The Ontario Human Rights Commission and OPSEU, the union that represents front-line correctional staff, are calling on the Ontario government to address the ‘crisis’ in the province’s correctional system.
The human rights commission and chief commissioner Renu Mandhane visited 10 correctional facilities in Ontario, including a visit to the Kenora jail in February of 2017, to meet with front-line staff and prisoners to see the facilities’ conditions first hand.
“Prisoners are being held in inhumane conditions with gross overcrowding, inadequate physical and mental healthcare and addictions treatment and no meaningful access to programming or rehabilitation services,” stated their report, presented to the Standing Committee on Finance and Economic Affairs’ budget consultations.
The OHRC says the conditions within Ontario’s correctional facilities include:
- Gross overcrowding, with triple bunking being common place,
- Inadequate physical and mental healthcare and addictions treatment and support,
- No meaningful access to programming or rehabilitation services,
- Extensive use of solitary confinement or “segregation” without safe alternatives.
“At the same time, front-line correctional staff are working in extremely challenging conditions without the resources, training or support needed to protect their safety or that of prisoners. Most do not feel safe, and many suffer from post-traumatic stress disorder as a direct result of their jobs,” the report continued.
The OHRC and OPSEU are calling for dedicated correctional facility funding in Ontario’s yearly budgets, and the two parties have identified investments that they say would reduce violence and save lives:
- Address overcrowding by using alternatives to pre-trial detention and expanding access to parole, and making sure that custody in corrections is only a last resort,
- Increase front-line staffing levels,
- Support front-line staff by developing a staff mental health strategy and providing enhanced training on areas like human rights, de-escalation techniques, and Indigenous cultural competence, - Ensure that prisoners can access healthcare and rehabilitation opportunities, including by providing for sufficient healthcare staffing,
- Operationalize alternative units to get people out of solitary confinement,
- Enhance oversight and accountability of correctional institutions,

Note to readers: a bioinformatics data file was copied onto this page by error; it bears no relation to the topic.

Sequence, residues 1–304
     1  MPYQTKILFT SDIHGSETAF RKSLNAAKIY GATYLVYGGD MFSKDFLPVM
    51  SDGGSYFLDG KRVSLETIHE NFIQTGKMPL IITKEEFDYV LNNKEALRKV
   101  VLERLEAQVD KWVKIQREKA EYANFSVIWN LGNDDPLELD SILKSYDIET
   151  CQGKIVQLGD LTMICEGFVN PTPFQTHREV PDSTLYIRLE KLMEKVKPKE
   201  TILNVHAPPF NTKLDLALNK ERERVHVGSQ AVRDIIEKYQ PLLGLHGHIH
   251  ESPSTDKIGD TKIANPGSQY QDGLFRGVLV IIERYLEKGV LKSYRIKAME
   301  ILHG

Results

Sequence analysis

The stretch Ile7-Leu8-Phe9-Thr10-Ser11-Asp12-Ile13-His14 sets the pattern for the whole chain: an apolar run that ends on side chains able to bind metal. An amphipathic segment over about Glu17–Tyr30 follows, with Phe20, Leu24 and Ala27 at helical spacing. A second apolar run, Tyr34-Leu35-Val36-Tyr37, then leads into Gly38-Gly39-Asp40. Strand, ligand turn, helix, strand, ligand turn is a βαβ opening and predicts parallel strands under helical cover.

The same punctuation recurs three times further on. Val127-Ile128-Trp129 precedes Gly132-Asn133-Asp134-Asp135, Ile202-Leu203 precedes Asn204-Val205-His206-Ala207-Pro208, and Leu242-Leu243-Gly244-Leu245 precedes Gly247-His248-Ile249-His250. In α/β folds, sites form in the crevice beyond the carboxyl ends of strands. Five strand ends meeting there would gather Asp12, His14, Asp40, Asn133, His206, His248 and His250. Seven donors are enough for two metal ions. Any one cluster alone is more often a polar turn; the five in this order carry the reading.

- Modernize correctional infrastructure and information management systems,
“By making these crucial investments, this government will not only be taking steps to meet its human rights obligations, but averting the very real risk of further deaths in custody and physical and psychological harm to correctional officers,” said Chief Commissioner Renu Mandhane. “We cannot ignore that a very human cost is being paid every day by not addressing this crisis.”
The OHRC is also hoping to change the use of segregation in Ontario facilities, and have used Adam Capay’s case as an example. The Lac Seul First Nation member was held in continuous segregation for more than 1,500 days.
Courts, experts and oversight bodies – including the OHRC – have all identified Ontario’s internal segregation reviews as being inadequate for safeguarding human rights, and have consistently stated that meaningful and truly independent oversight of segregation must be external.
In the past year, over 23,600 inmates were placed into solitary confinement, and over 4,000 of those placements exceeded 15 days. The report states that a majority of the people placed in segregation had a “mental health alert” on their file.
Last year, a lawyer with the attorney general's office estimated 89 per cent of inmates at the Kenora Jail were Indigenous, and 90 per cent of them were presume innocent, while awaiting court dates.
The Kenora Jail was built in 1926 and is one of Ontario’s 25 adult correctional institutions. It serves the entire northwestern Ontario region. Improvements to the facility, announced in 2019, include upgraded infrastructure, strengthened partnerships with police agencies, improved security and new training measures.
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